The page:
Some of the groups that had said they would support the United States’ mission have now issued statements condemning the American strikes on the Qaeda-linked militants. Those groups have also expressed concern that by making the Islamic State its priority, the United States has acknowledged that it does not seek to unseat Mr. Assad.
Conversely, supporters of the Syrian government say hitting the Nusra Front is proof that the United States has switched sides.
“Of course coordination exists,” said a pro-government Syrian journalist speaking on the condition of anonymity for fear of retribution, who had criticized the prospect of the strikes but turned practically jubilant once they began. “How else do you explain the strikes on Nusra?” [Continue reading…]
Even if the U.S. is not officially coordinating its operations with the Syrian government, Iraqi National Security Advisor Faleh al-Fayyad is already viewed as serving as an intermediary between Damascus and Washington.
What was initially presented as a military operation to degrade and destroy ISIS, suddenly broadened in scope this week when it included strikes on Jabhat al Nusra. Given that the Obama administration refuses to refer to Nusra by its real name and has instead adopted the fictitious label the “Khorasan Group” in reference to a Nusra unit, it’s hardly surprising that the whole operation even after almost two months still has no official name.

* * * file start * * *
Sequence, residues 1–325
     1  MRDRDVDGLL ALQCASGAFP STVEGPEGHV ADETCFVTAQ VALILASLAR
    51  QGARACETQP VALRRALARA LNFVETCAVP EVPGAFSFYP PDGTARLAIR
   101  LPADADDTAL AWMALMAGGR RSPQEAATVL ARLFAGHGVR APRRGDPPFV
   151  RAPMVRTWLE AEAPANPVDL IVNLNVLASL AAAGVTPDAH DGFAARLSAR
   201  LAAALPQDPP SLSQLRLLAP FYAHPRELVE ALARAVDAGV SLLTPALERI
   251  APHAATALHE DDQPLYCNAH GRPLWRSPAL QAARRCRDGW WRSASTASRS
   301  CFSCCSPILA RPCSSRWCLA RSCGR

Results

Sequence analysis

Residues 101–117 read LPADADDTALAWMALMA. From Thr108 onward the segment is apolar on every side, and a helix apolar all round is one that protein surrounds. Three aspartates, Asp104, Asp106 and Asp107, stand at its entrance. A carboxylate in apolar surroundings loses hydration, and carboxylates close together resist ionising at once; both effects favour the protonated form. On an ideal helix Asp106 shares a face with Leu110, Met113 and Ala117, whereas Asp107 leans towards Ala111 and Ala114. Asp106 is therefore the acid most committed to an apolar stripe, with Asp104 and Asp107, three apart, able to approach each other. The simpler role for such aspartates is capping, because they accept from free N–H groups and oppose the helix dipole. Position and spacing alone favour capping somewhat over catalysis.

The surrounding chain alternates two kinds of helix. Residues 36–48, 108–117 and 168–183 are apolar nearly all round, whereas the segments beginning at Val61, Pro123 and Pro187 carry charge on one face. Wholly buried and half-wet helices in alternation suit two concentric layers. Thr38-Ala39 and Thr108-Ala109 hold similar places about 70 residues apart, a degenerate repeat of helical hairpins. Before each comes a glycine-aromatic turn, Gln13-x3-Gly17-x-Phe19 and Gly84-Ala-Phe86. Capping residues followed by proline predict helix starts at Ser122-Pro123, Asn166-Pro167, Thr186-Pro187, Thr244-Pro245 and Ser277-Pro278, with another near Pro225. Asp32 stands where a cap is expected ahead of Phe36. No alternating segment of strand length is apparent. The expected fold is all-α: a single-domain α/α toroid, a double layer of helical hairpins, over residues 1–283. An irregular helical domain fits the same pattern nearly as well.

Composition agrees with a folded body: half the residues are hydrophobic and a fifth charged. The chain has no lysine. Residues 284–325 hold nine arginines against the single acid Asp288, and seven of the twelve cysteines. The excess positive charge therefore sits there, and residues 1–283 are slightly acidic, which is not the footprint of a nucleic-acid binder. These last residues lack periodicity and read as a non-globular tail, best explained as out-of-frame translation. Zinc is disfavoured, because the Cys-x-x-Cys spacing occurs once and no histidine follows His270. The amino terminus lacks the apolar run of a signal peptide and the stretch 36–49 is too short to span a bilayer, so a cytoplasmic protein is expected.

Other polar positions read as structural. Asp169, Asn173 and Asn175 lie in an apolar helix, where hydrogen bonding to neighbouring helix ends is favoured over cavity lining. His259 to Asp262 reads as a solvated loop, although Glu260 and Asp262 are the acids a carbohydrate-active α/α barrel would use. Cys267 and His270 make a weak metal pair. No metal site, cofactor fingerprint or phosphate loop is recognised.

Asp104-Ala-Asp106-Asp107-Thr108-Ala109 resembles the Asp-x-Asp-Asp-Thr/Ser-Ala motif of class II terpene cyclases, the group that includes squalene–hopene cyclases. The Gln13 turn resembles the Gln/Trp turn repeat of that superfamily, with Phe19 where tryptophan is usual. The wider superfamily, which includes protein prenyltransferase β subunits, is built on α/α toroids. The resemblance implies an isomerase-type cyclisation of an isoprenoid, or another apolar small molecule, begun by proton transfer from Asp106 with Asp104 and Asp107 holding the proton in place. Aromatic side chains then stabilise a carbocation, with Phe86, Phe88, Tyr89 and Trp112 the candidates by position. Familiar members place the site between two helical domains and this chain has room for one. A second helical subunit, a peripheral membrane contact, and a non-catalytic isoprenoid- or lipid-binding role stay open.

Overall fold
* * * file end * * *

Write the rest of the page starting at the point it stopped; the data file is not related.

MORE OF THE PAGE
The Pentagon has a page on its website called “Targeted Operations Against ISIL Terrorists” — a description of the operation which, even if it lacks the Marvel Comics-style hyperbolic language that the U.S. military favors in its choice of names, was until this week fairly accurate. But since Nusra got rolled onto the target list, it’s started to look more like Targeted Operations Against Assad’s Worst Enemies.
No surprise then that, at least so far, Assad likes the way the war is proceeding.
Obama has been described as a “realist” who “feels bad about it.”
But Max Abrahms, a Northeastern University professor and terrorism analyst, is the kind of realist willing to assert without apology that U.S. policy should be guided solely by self interest and thus not preclude a working relationship with the Syrian dictator:
“I know of no one who says that Assad ever posed a direct threat to the U.S. homeland. I’ve seen no evidence to ever suggest that, going back to his father. It makes obvious sense in my mind, if the U.S. is going to side with the militants or with Assad, for us to side with Assad.
“The big objection to that is a normative one. People are appalled by the suggestion of the US working with a dictator who’s massacred so many of his people. And yet Assad poses a threat to his own population, not to ours.
“I think there may be an opportunity for the US to work with Assad against ISIS.”
So, given that currently the U.S. appears to have a free hand conducting military operations inside Syria — the Syrian government has raised few objections — are we to imagine that Obama and Assad have formed some kind of secret alliance?
Probably not, but if America’s actions so clearly serve Assad’s interests why would the Syrian leader need a more formal arrangement?